Spiritual But Not Religious: A Humanist Perspective

By Chaplain Binyamin Biber

Many people who are leaving religious affiliations, of their families of origin or altogether, often describe themselves as “spiritual, but not religious.” Such a transition is often a lengthy process, rather than a single rapid set of events.

The philosopher George Santayana was perhaps the first to register this phenomenon in contrasting “spirituality” and “piety,” the former relating to exploration, innovation, and risk-taking, while the latter links to fearful guarding, convention, and submissiveness.

Several books by contemporary atheist authors explore this further: The Little Book of Atheist Spirituality by A. Comte-Sponville; Spiritual Atheism by Steve Antinoff; Spirituality for the Skeptic by Robert Solomon; Humanism: Beliefs & Practices by Jeaneane Fowler; Spirituality and the Secular Quest edited by Peter Van Ness; & Secular Wholeness by David Cortesi.

These works address a range of concerns such as the human search for and creation of meaning in our lives; the quality of the interior experience of human beings vs prioritizing more quantitative, acquisitive, status-oriented, and external assessments of human beings and the worth of their lives; deepest motivations that define and direct our lives; and narrative and mythic structures that connect and contextualize human beings among one another and in the world.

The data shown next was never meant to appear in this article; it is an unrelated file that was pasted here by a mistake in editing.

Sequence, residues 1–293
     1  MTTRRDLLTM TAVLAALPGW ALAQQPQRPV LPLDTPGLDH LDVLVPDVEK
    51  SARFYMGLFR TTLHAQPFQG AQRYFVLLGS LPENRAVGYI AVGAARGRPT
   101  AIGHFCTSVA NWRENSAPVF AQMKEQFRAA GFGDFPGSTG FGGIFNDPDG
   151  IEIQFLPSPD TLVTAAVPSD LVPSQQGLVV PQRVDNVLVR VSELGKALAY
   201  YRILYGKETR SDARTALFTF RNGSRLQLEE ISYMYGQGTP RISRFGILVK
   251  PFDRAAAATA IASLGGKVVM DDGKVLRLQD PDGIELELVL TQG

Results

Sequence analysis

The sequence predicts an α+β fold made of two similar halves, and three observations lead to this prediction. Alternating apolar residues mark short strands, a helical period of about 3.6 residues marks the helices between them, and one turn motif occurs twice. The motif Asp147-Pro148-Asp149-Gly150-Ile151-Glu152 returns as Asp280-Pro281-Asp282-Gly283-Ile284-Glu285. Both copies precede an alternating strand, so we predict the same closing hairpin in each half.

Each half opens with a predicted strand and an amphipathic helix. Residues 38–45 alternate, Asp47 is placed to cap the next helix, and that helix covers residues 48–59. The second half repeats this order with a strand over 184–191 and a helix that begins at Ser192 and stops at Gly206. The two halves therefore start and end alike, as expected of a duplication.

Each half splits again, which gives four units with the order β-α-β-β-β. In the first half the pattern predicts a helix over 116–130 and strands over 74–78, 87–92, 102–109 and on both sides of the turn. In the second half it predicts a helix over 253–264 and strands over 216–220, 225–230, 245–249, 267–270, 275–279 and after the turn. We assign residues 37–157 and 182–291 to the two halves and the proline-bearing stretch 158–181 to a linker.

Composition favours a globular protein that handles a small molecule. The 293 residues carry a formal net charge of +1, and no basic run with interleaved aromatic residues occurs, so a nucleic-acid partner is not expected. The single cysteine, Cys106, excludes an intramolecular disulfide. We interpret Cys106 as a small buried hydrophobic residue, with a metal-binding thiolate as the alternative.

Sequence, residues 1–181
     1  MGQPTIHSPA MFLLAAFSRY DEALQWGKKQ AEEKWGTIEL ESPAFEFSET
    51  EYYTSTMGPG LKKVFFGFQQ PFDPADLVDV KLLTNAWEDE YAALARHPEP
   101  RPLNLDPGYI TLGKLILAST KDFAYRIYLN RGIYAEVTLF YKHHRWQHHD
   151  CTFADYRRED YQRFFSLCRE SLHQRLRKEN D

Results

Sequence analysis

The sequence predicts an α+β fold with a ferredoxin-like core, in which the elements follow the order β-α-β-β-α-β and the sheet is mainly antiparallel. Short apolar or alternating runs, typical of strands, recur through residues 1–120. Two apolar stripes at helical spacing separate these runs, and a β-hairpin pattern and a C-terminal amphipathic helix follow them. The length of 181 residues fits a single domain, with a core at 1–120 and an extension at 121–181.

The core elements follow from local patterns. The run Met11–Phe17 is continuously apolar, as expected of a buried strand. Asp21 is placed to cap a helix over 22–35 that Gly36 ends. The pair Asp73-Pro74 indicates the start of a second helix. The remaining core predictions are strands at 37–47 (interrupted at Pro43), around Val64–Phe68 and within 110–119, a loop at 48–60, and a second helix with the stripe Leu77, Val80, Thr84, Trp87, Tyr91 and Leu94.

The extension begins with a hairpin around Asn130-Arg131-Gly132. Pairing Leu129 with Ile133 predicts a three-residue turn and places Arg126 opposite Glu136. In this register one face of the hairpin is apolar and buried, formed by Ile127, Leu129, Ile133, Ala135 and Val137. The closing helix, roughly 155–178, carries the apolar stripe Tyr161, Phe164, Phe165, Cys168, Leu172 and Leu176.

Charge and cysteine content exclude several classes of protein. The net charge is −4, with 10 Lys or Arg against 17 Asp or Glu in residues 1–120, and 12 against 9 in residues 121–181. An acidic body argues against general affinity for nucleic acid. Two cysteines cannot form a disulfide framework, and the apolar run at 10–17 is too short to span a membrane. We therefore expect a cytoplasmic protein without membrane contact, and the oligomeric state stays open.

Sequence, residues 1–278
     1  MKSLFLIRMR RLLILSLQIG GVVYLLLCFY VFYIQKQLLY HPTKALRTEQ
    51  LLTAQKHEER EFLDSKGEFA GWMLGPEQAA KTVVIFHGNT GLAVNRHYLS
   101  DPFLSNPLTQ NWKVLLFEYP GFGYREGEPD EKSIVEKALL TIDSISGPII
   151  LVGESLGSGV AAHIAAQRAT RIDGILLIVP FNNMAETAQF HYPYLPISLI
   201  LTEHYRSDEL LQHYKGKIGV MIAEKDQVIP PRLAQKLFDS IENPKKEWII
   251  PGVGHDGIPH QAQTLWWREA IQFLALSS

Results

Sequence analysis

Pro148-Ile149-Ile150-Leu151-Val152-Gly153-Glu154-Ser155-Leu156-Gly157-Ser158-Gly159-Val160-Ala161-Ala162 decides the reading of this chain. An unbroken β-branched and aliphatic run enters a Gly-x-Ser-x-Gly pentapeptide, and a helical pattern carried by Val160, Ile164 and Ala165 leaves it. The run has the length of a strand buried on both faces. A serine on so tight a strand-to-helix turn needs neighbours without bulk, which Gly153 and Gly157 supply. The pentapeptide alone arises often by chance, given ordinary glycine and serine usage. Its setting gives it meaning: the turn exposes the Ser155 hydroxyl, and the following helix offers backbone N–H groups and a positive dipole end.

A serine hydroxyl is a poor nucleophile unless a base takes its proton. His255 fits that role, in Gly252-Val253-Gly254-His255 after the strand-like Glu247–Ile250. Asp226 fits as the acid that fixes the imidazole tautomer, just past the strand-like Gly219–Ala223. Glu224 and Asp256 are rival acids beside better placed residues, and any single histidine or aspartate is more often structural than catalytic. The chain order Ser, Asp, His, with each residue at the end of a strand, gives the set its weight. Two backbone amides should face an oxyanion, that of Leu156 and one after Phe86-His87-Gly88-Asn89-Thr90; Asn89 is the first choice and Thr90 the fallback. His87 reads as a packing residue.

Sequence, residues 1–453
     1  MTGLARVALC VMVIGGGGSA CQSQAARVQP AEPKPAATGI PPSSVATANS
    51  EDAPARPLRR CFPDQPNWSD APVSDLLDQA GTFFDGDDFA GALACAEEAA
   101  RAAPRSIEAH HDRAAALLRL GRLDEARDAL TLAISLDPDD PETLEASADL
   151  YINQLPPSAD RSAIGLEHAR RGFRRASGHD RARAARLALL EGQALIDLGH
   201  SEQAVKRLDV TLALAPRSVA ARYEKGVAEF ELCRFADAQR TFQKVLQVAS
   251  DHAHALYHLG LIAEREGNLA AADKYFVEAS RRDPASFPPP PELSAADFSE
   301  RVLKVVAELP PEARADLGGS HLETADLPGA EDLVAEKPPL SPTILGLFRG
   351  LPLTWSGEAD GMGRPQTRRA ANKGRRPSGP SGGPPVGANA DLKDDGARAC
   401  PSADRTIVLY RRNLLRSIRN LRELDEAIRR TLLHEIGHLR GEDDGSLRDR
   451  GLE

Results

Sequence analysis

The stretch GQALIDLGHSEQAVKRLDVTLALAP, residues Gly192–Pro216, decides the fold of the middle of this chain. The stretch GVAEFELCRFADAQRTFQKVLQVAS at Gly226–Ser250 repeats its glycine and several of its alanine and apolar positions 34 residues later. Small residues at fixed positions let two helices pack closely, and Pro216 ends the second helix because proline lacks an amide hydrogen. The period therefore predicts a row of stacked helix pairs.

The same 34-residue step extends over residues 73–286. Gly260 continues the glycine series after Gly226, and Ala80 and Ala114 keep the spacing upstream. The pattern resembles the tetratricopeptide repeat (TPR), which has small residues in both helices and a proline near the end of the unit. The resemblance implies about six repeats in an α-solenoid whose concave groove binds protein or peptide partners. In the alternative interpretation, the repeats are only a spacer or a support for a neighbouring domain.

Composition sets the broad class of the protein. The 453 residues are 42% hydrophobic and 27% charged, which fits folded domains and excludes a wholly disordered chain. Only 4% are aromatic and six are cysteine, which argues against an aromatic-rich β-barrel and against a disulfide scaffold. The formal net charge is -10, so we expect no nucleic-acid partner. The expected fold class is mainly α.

So while the phrase “spiritual, but not religious” is often vague and begs more questions than it begins to answer, it also indicates among many of its users a move away from religions and their authoritarian and restrictive aspects, and toward the kind of exploration, innovation, and risk-taking that Santayana analyzed.

Humanists, philosophical naturalists, and nontheists may sometimes find frustrating the use of the phrase and the vagueness and confusion that it often expresses. However, we would do well to empathize with and assist those who are leaving religions and searching for connections, community, and senses of purpose and meaning that they might well find among us if we are gracious enough to be inviting and welcoming, rather than judgmental and dismissive.

I personally think it particularly critical to consider why human beings do the most important things in their lives. What motivates our greatest acts of love and justice? What brings forth and cultivates our creativity, good humor, and compassion? What empowers us to struggle for freedom or to explore the farthest reaches of what is or may yet come to be?

I see in naturalistic (vs supernaturalistic) approaches to “spirituality” discourses of inspiration, exploration, elevation, connectedness, expansiveness, fulfillment, self-actualization of human potential, love beyond simple drives, enlightenment, progress, and the horizons of the imagination. Surely, we can and must accept some amount of muddling toward clarification as we engage in such significant matters.

Chaplain Binyamin Biber founded the Humanist Chaplaincy at American University in 2011. He is an ordained Humanistic Rabbi who has for a decade served Machar, the Washington DC-based congregation for Secular Humanistic Judaism. He is president of the Association of Humanistic Rabbis in North America and a board member of the Humanist Society, the professional organization of chaplains and celebrants of the American Humanist Association.